So yesterday it was supposed to rain; the sky was a perfect blue. Last night it was also supposed to rain; we woke to a dusting of snow. New England knows how to keep her weathermen humble.
Now, Larry the Volvo station waggon has a few quirks; this is not news, I suppose. One of them is that he is absolutely, completely, tragically useless in even the tiniest dusting of snow. Though come to think of it he also has been known to stand there and spin his wheels pitiably given some wet grass and a bit of an incline. The snow thing, to be honest, baffles me: he does, after all, come from Sweden, a decent percentage of which country is north of the Arctic Circle. You'd, I don't know, think that maybe, just maybe they would have encountered snow there, I mean once or twice.
But that wasn't, it turned out, a problem today. Because instead of being a rear-wheel-drive big empty station waggon with no weight over the back wheels, Larry was once again full of rusty hunks of rusty rust, which, despite the rust, still weigh an awful lot.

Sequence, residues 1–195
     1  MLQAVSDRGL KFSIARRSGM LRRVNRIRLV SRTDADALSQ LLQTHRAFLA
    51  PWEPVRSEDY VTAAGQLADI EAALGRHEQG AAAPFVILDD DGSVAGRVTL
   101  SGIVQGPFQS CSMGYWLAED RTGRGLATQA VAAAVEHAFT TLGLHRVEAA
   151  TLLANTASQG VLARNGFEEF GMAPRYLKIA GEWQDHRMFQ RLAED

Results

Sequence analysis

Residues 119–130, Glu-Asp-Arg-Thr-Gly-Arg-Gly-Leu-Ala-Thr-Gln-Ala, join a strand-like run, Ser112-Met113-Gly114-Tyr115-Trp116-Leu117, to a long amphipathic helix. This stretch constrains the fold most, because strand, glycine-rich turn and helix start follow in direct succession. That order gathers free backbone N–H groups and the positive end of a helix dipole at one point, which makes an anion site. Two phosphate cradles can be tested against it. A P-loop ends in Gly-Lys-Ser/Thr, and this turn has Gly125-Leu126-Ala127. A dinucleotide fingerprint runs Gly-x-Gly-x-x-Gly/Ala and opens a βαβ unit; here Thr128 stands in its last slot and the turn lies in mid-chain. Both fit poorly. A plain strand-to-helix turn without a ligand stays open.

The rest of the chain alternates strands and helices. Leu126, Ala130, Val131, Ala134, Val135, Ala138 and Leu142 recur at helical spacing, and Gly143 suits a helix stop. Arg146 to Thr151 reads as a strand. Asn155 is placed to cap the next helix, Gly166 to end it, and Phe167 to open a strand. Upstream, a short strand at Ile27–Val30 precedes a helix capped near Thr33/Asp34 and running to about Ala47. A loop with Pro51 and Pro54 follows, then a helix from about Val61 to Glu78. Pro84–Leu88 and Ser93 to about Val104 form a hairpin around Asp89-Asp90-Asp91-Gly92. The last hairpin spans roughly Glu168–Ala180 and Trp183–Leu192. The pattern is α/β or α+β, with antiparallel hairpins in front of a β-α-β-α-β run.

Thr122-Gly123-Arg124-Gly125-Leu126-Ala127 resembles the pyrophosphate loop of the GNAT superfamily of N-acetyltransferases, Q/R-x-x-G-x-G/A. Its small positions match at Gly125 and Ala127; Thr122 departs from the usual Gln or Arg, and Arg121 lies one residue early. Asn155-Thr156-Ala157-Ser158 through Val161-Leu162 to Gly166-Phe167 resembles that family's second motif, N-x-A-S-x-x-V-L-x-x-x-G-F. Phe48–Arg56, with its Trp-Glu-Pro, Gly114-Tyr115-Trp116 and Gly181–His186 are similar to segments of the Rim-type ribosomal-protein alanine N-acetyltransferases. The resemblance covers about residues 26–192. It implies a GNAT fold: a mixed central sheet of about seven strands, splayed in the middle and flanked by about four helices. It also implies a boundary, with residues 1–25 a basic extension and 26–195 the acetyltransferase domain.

That engine was the first thing we muscled into Larry; when Tara stepped back to look she noted it was riding kind of low. Poor Larry. We push him, we do.
At any rate, here's another shot of Larry's butt. And yes, that is an old junky unicycle on the top of the pile.
And so that was the forty-first trip to the scrapyard, ai yi yi yi yi, and adds another 640 pounds of scrap iron hauled away from this poor hoarded yard. It was one of the lighter loads despite the engine, since the Citroën bits were on the light but bulky side. Tara did excavate a bizarrely long section of pipe in amongst the cat briars which she then remarkably enough cut up with a dull Sawzall. And that brings us up to 35,180 pounds, or 17.59 tons of iron cleaned up, or at least 17.59 tons of iron for which we have receipts.
Yep. Still more out there.